The shared amenities and opportunities to meet and chat with other workers are much like a typical office with similar distractions of the open plan office. However, not all coworking spaces are equal. The rise of the remote worker has also led to the rise in the choice of coworker spaces.
Benefits of opening your hotel to remote workers
Many hotels and restaurants struggle to fill their premises during the day. Tapping into the remote worker market can help boost many aspects of your hospitality business:
- Increase footfall during quieter times of the day
- Existing guests will benefit from the workspaces too
- Encourages contractors and business travellers to your hotel
- Brings new people into your business who may not have otherwise visited
- Promotes the use of your function rooms for business purposes
- Creates a vibrant ambience: your establishment is a popular venue!
- More sales of beverages, snacks and lunches. How about a remote worker “lunchtime special”?
- Benefit from word of mouth recommendations.
How to encourage remote workers into your business
Wifi and Connectivity
The biggest factor that will attract remote workers into your lobby is the quality of the internet connection. It needs to be fast, reliable and secure. Show that you welcome remote workers by displaying the information about your free wifi and how to connect to it.
Ambient noise levels
Most remote workers will opt for a quieter workspace (but there are those who thrive in busier environments). So, ambient and background noise is acceptable whereas loud voices are less desirable. Consider how close the coworking space is to the kitchen, front desk, toilets or other areas that are noisier and busier.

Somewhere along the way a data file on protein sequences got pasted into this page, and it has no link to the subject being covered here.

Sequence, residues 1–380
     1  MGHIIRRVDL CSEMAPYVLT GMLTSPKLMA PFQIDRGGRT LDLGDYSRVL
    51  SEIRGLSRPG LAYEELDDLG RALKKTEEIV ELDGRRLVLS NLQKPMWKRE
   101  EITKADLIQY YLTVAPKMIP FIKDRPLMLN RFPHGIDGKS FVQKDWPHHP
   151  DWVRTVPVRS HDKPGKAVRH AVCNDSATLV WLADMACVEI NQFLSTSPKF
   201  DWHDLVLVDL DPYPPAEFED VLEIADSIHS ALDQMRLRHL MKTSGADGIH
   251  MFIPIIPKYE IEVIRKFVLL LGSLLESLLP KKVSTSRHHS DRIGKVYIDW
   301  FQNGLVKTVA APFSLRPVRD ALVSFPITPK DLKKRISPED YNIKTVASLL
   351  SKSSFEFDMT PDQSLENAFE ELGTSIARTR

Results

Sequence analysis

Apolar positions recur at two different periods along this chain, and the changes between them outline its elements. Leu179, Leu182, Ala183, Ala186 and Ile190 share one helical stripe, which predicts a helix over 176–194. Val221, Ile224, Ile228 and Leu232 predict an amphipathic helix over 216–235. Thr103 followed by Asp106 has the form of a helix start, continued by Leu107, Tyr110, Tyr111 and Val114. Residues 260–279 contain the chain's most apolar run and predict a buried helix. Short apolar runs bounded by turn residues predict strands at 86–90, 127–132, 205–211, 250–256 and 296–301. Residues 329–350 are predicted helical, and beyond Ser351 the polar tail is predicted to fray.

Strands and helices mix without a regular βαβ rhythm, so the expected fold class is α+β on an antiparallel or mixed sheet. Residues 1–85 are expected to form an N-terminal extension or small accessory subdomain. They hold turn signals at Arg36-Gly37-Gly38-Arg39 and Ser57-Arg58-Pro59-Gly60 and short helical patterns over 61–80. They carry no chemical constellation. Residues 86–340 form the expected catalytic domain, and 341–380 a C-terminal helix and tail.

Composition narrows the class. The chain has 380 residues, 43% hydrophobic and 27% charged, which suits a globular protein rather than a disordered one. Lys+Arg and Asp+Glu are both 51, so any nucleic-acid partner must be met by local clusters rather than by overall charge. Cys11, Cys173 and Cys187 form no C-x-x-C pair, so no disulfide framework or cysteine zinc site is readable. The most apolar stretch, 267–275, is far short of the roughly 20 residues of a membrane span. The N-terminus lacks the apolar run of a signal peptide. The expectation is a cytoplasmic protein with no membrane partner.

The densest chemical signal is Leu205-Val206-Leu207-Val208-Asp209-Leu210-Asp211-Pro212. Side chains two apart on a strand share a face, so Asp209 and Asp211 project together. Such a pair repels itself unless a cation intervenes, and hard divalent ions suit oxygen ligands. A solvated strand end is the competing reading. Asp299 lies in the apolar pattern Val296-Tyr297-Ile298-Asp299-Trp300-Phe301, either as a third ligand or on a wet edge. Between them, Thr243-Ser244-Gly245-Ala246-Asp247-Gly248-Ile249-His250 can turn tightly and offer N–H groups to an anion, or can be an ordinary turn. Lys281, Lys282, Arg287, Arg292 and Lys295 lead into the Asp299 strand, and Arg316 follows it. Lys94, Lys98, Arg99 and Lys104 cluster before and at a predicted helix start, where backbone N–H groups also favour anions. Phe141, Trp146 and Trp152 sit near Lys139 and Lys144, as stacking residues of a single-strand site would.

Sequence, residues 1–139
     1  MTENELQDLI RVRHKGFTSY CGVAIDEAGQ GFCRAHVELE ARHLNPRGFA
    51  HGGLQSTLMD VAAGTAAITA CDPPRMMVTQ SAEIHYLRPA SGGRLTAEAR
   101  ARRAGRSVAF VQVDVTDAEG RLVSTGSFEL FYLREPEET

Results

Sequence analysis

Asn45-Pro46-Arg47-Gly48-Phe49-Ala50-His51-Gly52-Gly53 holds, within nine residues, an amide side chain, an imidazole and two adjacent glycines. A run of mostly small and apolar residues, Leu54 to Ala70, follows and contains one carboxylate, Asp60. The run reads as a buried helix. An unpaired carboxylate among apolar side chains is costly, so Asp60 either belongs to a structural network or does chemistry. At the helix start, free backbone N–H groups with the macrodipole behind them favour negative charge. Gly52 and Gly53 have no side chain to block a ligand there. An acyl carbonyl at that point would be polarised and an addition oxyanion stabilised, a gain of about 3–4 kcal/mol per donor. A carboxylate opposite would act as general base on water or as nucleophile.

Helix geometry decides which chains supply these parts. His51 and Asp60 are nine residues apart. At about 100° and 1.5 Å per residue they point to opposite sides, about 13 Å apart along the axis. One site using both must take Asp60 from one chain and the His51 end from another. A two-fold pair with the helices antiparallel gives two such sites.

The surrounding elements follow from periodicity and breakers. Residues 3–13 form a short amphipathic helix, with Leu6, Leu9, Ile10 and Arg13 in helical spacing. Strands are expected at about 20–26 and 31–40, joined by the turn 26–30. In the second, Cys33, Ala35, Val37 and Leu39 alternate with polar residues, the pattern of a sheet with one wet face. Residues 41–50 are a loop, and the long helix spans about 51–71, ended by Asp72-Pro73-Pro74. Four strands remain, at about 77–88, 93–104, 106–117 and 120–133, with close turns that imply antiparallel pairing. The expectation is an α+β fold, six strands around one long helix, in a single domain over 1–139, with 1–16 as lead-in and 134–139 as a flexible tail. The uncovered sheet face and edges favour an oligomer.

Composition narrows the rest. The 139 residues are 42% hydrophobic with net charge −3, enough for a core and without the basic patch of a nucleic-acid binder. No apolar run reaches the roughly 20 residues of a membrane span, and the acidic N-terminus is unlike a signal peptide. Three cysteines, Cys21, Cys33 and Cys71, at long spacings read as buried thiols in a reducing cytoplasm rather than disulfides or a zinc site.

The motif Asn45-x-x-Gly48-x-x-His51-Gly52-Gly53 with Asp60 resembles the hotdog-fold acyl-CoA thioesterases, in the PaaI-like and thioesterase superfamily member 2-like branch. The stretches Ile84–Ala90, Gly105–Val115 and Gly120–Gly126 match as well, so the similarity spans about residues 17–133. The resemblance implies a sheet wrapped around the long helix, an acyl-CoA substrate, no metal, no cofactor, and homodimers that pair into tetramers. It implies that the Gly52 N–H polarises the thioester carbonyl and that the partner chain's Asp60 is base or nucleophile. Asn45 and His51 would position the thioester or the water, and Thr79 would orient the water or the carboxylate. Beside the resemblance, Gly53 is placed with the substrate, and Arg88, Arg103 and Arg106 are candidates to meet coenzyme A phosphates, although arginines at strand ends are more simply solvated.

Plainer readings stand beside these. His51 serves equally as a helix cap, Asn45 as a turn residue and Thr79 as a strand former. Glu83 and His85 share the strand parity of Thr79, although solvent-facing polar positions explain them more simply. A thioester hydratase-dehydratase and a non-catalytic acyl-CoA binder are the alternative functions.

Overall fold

Your hotel lobby or lounge is probably already a comfortable space. Think about keeping seating in smaller groups and add side or coffee tables. Natural light is best but bear in mind that harsh lighting can increase screen glare.
Feeling you have your own space within which to work is true for remote workers as much as it for those confined to a traditional office desk. A sense of workspace privacy is vital:
- Use plants as room dividers and screens to create privacy.
- Experiment with different seating and table heights to define zones and options for the remote worker.
- Create smaller working spaces and a larger meeting room area with your furniture layouts.
- Keep furniture lower level if you’re tight on space to create a better feeling of space.
Are you able to offer device charging facilities or provide access to a printer? Some devices are power hungry so access to sockets is likely to be a dealbreaker for most remote workers. Consider offering free tea, coffee and water as well.
Free vs Paid Coworking space
If you’re are considering a paid coworking space you’ll need to ensure you can consistently offer all of the above. So the decision to offer a rentable space will depend on how much space you can dedicate to coworking. Plus both your location and existing infrastructure. If you’re not in an area of higher-demand – such as a city or large town – then you might not attract enough remote workers to make it viable.
The benefits listed above still apply to a free remote workspace. If encouraging remote workers into your premises helps your business feel vibrant and sells a few more covers and coffees each day, then what do you have to lose?
Floresy is a supplier of artificial plants and trees to hotels, restaurants and commercial businesses in London and across the UK.